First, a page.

Possibly the single largest wealth transfer in history is now under way. And as a result, so is one of the greatest shifts in wealth management.
The Baby Boom Generation has started to pass along its accumulated assets to their children and grandchildren, a process that will continue for, at least, the next few decades. When done, an estimated $30 trillion in wealth will be transferred from one generation to the next.
With this tremendous movement of assets comes a challenging moment for many financial advisors. The key is earning the loyalty of that next generation, be they Generation X or Millennial heirs, because if recent studies are correct, most children will promptly fire their parents’ advisors.
According to an InvestmentNews survey , 66% of children fire their parents’ financial advisor after they inherit their parents’ wealth.
While the perception is that Gen Xers may be more inclined to drop their parents’ advisors than Millennials, a recent CNBC article notes that “Millennials most certainly don’t want to use their parents’ financial advisor, due to issues of relatability. Every child wants to rebel a bit.”
Not only are their Baby Boomer clients growing older, but the financial advice industry is aging as well, and many younger heirs and their parents’ advisors may have a hard time relating across the generational divide. On top of relatability issues, many of those heirs may also want to enhance their wealth management experience through a combination of self-directed digital tools, while still having access to human advisors.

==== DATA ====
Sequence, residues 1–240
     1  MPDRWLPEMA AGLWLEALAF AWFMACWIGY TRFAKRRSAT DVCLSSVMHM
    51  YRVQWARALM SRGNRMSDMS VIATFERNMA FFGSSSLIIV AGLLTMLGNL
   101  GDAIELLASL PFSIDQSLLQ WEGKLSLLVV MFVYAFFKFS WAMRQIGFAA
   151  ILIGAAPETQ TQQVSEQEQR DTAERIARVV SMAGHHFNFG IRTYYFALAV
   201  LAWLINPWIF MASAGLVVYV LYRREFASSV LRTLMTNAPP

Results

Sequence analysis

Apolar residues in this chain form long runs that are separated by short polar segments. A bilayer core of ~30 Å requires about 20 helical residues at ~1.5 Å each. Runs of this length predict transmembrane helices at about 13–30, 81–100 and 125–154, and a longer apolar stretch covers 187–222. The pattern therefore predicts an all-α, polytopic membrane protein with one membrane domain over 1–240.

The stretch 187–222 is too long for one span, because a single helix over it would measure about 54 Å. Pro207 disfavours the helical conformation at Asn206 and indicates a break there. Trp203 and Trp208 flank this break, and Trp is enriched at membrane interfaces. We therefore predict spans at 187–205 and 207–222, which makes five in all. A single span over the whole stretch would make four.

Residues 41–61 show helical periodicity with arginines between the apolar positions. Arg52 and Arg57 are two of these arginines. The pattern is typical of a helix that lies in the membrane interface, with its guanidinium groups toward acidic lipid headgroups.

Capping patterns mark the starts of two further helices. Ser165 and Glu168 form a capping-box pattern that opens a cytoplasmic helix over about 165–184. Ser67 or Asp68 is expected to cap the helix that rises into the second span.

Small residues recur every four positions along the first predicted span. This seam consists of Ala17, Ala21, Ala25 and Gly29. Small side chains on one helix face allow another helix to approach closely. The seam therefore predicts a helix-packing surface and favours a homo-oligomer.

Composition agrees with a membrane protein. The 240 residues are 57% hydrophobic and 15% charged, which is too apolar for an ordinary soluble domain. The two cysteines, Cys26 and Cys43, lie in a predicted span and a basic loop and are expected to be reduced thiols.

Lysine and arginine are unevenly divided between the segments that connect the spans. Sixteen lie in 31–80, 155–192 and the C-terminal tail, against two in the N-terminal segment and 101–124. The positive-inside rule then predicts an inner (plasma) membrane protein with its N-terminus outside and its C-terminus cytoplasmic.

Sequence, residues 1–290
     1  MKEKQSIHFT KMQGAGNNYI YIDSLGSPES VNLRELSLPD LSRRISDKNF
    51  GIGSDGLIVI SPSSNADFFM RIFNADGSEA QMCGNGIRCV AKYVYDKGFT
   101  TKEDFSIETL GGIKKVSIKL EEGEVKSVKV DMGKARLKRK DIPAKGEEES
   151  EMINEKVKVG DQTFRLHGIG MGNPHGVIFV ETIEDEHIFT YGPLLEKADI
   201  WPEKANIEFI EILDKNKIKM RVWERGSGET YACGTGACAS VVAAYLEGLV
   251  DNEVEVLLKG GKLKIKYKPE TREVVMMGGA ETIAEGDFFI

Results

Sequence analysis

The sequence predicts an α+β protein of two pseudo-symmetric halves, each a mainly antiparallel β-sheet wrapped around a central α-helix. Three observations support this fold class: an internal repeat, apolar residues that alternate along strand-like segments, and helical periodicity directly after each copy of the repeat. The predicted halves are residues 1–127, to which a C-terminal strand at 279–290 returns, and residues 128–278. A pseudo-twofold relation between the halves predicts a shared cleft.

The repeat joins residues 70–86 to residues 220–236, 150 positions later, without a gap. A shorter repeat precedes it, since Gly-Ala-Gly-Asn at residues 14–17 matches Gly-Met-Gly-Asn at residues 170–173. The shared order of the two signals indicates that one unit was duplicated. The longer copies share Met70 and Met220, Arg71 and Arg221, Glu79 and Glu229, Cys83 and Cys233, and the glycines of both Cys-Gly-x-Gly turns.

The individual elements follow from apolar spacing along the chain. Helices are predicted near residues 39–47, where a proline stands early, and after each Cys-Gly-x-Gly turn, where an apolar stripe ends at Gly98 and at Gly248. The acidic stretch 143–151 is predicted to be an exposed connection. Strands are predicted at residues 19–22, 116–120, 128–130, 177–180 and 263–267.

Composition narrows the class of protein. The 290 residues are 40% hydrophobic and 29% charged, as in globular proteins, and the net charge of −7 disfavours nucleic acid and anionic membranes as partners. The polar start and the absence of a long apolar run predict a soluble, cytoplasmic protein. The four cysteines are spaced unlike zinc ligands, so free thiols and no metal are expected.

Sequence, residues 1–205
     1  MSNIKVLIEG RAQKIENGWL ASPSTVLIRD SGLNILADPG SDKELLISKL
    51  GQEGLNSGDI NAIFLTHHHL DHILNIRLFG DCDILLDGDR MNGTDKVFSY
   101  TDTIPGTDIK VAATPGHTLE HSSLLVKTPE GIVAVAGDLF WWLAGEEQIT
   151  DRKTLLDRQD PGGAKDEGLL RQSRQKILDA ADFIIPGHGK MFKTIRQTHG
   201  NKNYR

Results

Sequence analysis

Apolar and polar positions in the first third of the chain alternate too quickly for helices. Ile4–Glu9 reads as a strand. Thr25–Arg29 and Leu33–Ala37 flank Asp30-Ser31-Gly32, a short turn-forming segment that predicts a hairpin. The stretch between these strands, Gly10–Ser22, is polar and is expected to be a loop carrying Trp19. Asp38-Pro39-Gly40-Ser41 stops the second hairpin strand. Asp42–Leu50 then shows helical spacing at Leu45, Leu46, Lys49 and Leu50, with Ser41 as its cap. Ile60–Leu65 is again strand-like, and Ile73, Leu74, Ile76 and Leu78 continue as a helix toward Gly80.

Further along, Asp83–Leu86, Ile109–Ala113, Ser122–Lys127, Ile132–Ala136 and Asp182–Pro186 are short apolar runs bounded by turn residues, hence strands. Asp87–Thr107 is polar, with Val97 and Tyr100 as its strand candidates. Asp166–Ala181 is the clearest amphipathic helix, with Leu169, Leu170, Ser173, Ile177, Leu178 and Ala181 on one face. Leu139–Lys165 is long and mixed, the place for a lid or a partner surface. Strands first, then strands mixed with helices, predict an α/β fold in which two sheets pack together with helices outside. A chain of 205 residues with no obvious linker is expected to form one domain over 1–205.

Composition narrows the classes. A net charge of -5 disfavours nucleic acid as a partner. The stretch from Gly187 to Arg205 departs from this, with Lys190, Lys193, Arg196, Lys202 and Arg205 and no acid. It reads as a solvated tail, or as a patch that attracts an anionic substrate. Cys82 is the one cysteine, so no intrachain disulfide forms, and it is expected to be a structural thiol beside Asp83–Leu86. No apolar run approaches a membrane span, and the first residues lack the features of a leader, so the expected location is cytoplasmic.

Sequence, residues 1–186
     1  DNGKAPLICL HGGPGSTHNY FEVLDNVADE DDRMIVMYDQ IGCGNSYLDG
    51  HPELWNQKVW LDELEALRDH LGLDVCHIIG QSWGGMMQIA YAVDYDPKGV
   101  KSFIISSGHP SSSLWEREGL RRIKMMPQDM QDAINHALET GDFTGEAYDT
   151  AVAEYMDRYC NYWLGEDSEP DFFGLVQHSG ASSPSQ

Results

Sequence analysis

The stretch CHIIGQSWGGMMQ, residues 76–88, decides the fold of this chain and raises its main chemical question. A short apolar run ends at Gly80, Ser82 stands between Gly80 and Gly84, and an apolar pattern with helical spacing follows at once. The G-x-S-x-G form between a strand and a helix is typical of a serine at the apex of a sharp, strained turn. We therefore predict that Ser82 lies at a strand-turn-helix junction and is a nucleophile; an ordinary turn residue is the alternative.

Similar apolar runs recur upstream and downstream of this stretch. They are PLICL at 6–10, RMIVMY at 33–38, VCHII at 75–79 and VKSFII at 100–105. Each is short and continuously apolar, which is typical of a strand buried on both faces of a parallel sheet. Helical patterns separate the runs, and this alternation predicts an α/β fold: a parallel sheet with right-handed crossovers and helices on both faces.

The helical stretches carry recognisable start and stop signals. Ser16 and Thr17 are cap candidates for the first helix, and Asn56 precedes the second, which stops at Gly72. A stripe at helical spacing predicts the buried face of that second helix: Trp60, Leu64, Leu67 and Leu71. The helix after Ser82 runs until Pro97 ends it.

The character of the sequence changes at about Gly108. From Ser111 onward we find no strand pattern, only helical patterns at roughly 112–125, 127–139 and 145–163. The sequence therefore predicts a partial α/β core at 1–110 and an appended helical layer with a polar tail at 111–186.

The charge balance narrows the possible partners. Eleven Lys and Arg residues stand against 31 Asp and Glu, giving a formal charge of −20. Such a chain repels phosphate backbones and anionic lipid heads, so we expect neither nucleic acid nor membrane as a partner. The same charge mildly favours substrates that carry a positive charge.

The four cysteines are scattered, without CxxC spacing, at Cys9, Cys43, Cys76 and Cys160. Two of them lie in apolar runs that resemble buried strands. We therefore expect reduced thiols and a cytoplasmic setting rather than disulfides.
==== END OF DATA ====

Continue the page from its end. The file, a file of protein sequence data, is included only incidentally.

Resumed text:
Some advisory firms have taken steps to meet this challenge by hiring younger advisors and adding robo-advisor platforms with lower minimums. Others have begun building relationships with the adult children of clients by having them participate in family meetings and helping them work through their own financial issues, like managing student loan debt and buying their first home.
Whether an advisor’s clients represent an older or younger generation, it is important to uncover the expectations of both parents and their adult children. Now is the time for advisors to take on the opportunity to learn more about each generations’ wants, needs, and goals, improve their service to existing clients, and make themselves more attractive to the next generation of clients.
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